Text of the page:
A great way to prep your child for a trek is to take them on shorter local treks. Around Bangalore, Bombay and Pune there are unlimited options to take your children trekking. We have listed a few below.
Around Bangalore: Makalidurga, Nandi One, Handi Gundi, Kopatty
Around Pune and Bombay: Mahuli Trek, Sudhagad Fort Trek, Balwantgad Trek, Chandan Vandan Trek
Around Delhi: Prashar Lake, Nag Tibba
“This was our first Himalayan trek. We didn’t know about the challenges of high altitude trekking. Once we started researching, we realised there was a lot for us to learn. Before the trek, we gradually got Aditya to increase his water intake. He was spending more time outdoors in the sun. We read through the entire AMS manual. In a way, it made us more confident about the trek,” says Vaaruni, Aditya’s mother.
As parents, Vaaruni and Ravi had done their part. They had made sure that Aditya would be at his fittest for the trek. To fight the cold, he had a good quality down jacket and good shoes for the climb.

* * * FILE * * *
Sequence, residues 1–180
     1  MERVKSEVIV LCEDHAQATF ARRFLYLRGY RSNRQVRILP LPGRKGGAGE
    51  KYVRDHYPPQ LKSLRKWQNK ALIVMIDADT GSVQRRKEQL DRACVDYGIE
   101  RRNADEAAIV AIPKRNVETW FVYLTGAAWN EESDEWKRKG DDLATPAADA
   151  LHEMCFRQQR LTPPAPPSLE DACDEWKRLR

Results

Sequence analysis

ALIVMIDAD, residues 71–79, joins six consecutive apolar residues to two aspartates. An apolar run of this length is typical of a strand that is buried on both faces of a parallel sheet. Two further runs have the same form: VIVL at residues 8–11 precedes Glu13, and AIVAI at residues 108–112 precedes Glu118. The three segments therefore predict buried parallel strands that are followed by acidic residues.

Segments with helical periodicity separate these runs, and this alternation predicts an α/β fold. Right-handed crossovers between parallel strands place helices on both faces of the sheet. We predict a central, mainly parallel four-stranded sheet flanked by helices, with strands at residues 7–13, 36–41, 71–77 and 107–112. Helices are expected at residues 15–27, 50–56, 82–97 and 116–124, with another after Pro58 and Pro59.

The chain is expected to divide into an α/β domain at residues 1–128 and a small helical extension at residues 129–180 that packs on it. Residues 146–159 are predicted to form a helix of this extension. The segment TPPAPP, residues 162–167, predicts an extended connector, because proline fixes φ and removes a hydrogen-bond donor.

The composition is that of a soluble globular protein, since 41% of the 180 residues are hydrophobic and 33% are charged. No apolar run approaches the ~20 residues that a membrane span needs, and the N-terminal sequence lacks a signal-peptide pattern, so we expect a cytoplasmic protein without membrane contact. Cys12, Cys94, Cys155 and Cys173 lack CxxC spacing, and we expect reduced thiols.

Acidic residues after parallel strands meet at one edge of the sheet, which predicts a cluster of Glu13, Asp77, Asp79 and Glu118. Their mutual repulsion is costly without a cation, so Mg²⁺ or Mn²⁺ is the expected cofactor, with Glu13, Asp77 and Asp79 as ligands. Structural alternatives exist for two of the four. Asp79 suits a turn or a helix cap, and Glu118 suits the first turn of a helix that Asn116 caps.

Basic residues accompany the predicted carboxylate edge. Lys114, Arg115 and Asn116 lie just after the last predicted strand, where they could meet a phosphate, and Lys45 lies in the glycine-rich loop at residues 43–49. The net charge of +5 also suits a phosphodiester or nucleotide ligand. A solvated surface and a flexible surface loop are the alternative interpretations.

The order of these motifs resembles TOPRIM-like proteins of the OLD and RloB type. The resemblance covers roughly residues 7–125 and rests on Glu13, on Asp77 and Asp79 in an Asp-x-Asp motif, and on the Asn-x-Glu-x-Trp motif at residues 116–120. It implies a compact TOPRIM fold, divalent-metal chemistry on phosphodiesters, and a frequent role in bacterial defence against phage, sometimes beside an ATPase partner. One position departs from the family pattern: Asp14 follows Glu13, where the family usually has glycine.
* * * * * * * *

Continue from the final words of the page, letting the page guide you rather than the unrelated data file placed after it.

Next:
While his father handled most of his fitness regime, Vaaruni was in constant contact with the Indiahikes team. Our team helped her out with the attitude with which parents should go on the trek. The aim must not be to reach the summit but to enjoy the trek. If your child is not feeling well, it is alright to skip the day and take it easy. He must not feel pressured to perform. This is something all parents must take note of.
You can read more about how to enrich your child’s trek here.
As the sun rose on Day 2 of the trek, an unusual friendship began to sprout. Aditya’s knowledge of Hindi just about covered the words nahi and pata. Our Guide, Mahaveer’s English matched Aditya’s proficiency in Hindi. Overcoming the language barrier, they both seemed to get along great. Aditya raced ahead, keeping up with Mahaveer (who could be as fast as Road Runner!). He left his parents trailing and confused. What were these two chatting about?